- Is the platform cost-effective for mid-sized and smaller companies?
- Can the platform segment both cloud and on-premise environments?
- Does the vendor provide endpoint management?
- Can the platform provide a unified view of communications pathways and segmentation zones?
- Does the system identify unusual behavior?
- Can the platform support older applications and devices?
- What is the level of support provided?
Does Zero Trust replace a VPN?
No. VPNs still offer a effective tool for securing certain kinds of traffic from remote endpoint devices. Zero Trust Segmentations offers highly complementary security to ensure all the zones outside of the VPN are well protected, helping better security a network.
How does Zero Trust work with guest access?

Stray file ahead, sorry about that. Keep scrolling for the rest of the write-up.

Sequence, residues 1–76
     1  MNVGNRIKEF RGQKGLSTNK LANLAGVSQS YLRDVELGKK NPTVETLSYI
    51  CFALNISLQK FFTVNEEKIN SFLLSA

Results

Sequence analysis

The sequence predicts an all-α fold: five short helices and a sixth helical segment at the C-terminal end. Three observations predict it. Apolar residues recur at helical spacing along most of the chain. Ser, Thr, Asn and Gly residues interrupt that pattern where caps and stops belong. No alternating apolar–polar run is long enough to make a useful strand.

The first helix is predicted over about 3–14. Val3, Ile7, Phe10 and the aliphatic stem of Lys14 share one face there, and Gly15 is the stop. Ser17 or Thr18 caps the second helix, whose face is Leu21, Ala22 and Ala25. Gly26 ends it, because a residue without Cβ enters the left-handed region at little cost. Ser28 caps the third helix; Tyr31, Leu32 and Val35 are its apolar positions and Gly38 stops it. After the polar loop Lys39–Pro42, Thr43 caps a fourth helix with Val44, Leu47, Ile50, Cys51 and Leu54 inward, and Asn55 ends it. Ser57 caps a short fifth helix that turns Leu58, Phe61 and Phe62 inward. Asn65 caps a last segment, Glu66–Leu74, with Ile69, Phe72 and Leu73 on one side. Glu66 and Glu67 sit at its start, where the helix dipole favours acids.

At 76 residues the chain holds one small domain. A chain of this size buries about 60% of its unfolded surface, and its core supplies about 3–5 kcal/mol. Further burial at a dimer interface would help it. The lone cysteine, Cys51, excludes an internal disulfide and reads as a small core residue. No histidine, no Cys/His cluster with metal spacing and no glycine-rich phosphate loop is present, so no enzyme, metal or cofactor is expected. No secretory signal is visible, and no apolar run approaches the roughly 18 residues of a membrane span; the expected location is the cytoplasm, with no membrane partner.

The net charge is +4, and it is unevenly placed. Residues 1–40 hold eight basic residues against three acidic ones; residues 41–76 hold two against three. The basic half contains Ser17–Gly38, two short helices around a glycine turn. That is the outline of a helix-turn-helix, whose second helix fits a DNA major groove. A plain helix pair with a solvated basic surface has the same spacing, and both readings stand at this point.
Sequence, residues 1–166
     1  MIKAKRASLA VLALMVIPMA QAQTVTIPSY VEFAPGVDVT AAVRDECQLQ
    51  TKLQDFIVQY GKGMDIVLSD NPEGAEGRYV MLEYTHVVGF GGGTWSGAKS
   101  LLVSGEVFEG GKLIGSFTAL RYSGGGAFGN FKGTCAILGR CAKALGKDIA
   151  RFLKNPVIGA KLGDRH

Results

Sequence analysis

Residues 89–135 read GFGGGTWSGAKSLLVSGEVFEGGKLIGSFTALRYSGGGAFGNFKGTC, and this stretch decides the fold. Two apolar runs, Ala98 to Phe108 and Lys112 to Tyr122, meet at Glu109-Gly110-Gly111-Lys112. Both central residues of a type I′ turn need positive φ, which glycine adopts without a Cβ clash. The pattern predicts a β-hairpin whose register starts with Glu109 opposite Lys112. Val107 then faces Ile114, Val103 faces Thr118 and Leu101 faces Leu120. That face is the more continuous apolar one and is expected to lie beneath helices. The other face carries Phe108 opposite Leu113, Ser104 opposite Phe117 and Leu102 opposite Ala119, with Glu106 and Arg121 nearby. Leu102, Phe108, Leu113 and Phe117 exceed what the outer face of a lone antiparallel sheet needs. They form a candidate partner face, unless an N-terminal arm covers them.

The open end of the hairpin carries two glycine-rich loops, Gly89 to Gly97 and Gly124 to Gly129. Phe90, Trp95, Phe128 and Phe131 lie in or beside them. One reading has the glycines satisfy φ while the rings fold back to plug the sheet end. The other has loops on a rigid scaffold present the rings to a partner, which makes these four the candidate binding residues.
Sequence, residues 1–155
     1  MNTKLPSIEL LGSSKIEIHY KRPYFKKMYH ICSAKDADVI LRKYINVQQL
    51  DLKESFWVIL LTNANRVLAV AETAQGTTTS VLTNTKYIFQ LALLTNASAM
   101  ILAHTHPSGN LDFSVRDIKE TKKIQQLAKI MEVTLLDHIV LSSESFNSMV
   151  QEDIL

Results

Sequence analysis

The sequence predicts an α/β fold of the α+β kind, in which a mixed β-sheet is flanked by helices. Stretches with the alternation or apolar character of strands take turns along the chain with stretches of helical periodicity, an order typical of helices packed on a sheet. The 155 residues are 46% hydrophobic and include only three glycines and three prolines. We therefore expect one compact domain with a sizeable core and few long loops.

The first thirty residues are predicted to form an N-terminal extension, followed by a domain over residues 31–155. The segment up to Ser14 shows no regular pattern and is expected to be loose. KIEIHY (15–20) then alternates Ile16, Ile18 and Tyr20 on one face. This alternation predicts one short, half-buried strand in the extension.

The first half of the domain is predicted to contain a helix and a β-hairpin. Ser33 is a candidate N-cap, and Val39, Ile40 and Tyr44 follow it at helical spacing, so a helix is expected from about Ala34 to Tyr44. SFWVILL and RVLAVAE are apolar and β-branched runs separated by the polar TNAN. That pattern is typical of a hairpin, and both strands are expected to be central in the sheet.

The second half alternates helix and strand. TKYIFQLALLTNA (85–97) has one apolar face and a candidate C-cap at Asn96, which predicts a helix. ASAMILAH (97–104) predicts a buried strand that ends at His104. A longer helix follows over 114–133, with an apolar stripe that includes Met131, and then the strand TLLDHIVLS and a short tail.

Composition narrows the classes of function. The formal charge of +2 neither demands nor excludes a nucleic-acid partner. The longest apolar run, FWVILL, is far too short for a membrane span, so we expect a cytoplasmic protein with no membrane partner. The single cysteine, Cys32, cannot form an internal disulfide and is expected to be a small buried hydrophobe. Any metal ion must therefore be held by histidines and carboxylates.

Zero Trust requires multi-factor authentication from all users and devices on a network. Guests will need to be verified just like an employee, and no exceptions should be made.
How long does it take to implement Zero Trust?
The time to design and implement a Zero Trust network depends entirely on its complexity and how large the network is. The planning and assessment stage of the process — as well as having the right tools and technologies — is vital to reducing the overall implementation time of the project.
Taking the next step with Zero Trust
Zero Trust security is essential to protecting today's hybrid IT environments from growing cyberthreats. Without the protection provided by Zero Trust security, organizations will be at great risk from ransomware and data theft — events that could cause tremendous damage to any organization.
Achieving Zero Trust security requires a comprehensive effort, but Zero Trust Segmentation is essential to making Zero Trust security practical and scalable for virtually any organization.